In some cases, Winch’s theory would answer the often asked question, “What on earth does he see in her?” What he sees is an answer to his needs. The satisfaction of them can hold together what otherwise might seem like a pretty unlikely match.

Dr. Winch, a venturesome man with the courage of his convictions, challenged his colleagues to a little test that would demonstrate the Tightness of his contentions. Psychological descriptions of a number of married persons were prepared by his fellow psychologists. Winch sets himself to the task of saying who was married to whom. He was astonishingly successful, correctly matching six couples out of six on his first try. Armed with more complete descriptions, he equaled this record on other groups.

Do many men want to marry a girl just like the girl who married dear old dad? The savants are divided on that one. Most tests come out like one conducted by N.Y. psychologist D. P. Kent. He queried students in depth as to their mental image of a prospective mate. Then, six weeks later, he conducted another survey in which the students described their mothers’ characteristics.

In 20% of these replies, he found that, of six major traits on the mother list, there was only one that had also been listed in the mate requirements; in almost half, there were only two traits in common. In less than 2% of the cases did the mental image of a mate’s characteristics check on five of the six points.

A noted Hungarian psychiatrist, Dr. L. Szondi advances the astounding theory that your image of what you expect in a mate is governed by heredity! He figures it this way: From observing his patients he concluded that men tend to pick mates who are in “the same hereditary position.”

He tested his theory by taking photographs of large numbers of women whose psychiatric history he knew thoroughly. Subjects of his test—men whose history he also had studied—were asked to look at the photos and pick the women who most appealed to them.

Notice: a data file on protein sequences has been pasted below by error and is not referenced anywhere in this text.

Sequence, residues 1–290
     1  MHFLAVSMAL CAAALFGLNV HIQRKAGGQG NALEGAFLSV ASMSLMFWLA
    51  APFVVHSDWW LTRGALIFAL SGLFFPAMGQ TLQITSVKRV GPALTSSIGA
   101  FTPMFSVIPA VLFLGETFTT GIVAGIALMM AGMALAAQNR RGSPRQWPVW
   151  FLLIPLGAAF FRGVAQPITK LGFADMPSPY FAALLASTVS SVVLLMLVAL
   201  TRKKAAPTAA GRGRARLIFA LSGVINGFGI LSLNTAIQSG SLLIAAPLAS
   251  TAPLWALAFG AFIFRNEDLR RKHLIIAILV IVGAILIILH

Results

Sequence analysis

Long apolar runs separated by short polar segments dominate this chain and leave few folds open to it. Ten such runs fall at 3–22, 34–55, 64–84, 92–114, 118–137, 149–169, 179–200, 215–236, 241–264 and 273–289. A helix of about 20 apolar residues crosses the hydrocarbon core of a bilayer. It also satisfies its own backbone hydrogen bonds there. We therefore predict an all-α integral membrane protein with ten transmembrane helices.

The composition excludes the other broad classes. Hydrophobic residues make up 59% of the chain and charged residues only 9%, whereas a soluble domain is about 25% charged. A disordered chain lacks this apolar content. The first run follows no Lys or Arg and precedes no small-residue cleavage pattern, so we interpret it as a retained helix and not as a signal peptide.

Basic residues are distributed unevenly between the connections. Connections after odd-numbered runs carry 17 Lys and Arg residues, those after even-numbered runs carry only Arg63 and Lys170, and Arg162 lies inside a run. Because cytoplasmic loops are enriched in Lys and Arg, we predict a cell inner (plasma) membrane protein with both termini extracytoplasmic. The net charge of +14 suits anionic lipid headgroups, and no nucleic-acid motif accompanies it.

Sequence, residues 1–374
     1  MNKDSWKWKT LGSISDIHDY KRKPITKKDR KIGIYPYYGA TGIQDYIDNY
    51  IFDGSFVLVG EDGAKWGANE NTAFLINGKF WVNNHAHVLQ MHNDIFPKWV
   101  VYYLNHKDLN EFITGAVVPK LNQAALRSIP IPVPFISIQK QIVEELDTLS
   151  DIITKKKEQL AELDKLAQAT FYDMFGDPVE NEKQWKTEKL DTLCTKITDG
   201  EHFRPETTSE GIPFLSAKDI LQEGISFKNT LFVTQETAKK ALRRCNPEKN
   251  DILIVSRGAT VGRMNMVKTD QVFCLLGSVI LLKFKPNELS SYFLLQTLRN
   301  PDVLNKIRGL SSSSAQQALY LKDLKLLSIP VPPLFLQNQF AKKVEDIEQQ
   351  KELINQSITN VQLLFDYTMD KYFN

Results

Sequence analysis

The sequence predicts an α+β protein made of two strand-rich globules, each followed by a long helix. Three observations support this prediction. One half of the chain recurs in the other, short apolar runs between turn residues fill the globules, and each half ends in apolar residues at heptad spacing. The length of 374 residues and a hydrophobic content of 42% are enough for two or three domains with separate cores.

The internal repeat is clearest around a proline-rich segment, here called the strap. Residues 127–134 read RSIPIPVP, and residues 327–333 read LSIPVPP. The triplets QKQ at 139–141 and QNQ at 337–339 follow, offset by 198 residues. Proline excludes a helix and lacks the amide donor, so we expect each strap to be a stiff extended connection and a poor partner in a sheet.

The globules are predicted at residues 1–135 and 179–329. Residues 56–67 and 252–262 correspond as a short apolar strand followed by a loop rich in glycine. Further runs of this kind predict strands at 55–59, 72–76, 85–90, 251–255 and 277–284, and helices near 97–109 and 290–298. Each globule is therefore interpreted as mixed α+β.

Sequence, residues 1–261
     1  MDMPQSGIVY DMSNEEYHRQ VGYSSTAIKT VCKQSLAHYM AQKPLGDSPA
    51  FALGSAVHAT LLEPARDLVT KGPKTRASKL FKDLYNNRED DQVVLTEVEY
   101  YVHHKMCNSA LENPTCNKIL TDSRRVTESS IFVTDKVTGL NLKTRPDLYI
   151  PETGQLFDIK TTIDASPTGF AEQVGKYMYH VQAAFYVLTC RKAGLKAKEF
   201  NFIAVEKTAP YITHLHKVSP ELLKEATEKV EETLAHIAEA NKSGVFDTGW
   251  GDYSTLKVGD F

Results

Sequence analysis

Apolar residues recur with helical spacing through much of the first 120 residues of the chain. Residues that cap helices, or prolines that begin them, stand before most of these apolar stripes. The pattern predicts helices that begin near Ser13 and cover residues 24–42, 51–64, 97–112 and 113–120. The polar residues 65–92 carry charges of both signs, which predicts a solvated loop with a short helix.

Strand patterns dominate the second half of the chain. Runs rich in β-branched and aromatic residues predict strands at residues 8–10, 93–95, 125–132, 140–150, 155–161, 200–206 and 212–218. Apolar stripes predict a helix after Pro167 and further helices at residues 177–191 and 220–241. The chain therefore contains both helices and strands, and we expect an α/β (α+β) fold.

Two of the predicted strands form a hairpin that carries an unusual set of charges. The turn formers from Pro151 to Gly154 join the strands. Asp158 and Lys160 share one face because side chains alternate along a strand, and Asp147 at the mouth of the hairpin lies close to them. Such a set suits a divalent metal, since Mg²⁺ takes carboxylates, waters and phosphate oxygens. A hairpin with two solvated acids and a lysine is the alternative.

Szondi found that almost invariably the strongest reactions were to those who had emotional similarities! (These were certainly not obvious in the photographs, which were ordinary mug shots.) A man who came of a family in which melancholia was present, for instance, would express a strong liking for a picture of a woman who came of a family possessing the same characteristics.

There were some cases in which the reactions were just the opposite. These men indicated a strong dislike of women with similar emotional backgrounds, which may be one reason why other scientists dispute Szondi’s theories.

Does the masculine man seek the feminine woman? Some psychiatrists think so, nobody more vociferously than Dr. Otto Weininger, of Vienna, who gave that theory a boost in a tome called “Sex and Character.”

Everyone is a mixture of sex characteristics. That is, all men have some feminine traits, all women some masculine ones. Weininger’s contention was that an 80% masculine type would go for the 80% feminine type, and so on, up or down the percentages.

Weininger, who alleged that he could judge masculinity and femininity from facial characteristics revealed in photographs, used photographs to prove his case. When shown a number of them, he was able to indicate, with almost 100% accuracy, just which people would appeal to each other. In many cases, where the photographs were of husbands and wives, but mixed at random, he was able to state correctly, “This man picked this woman.”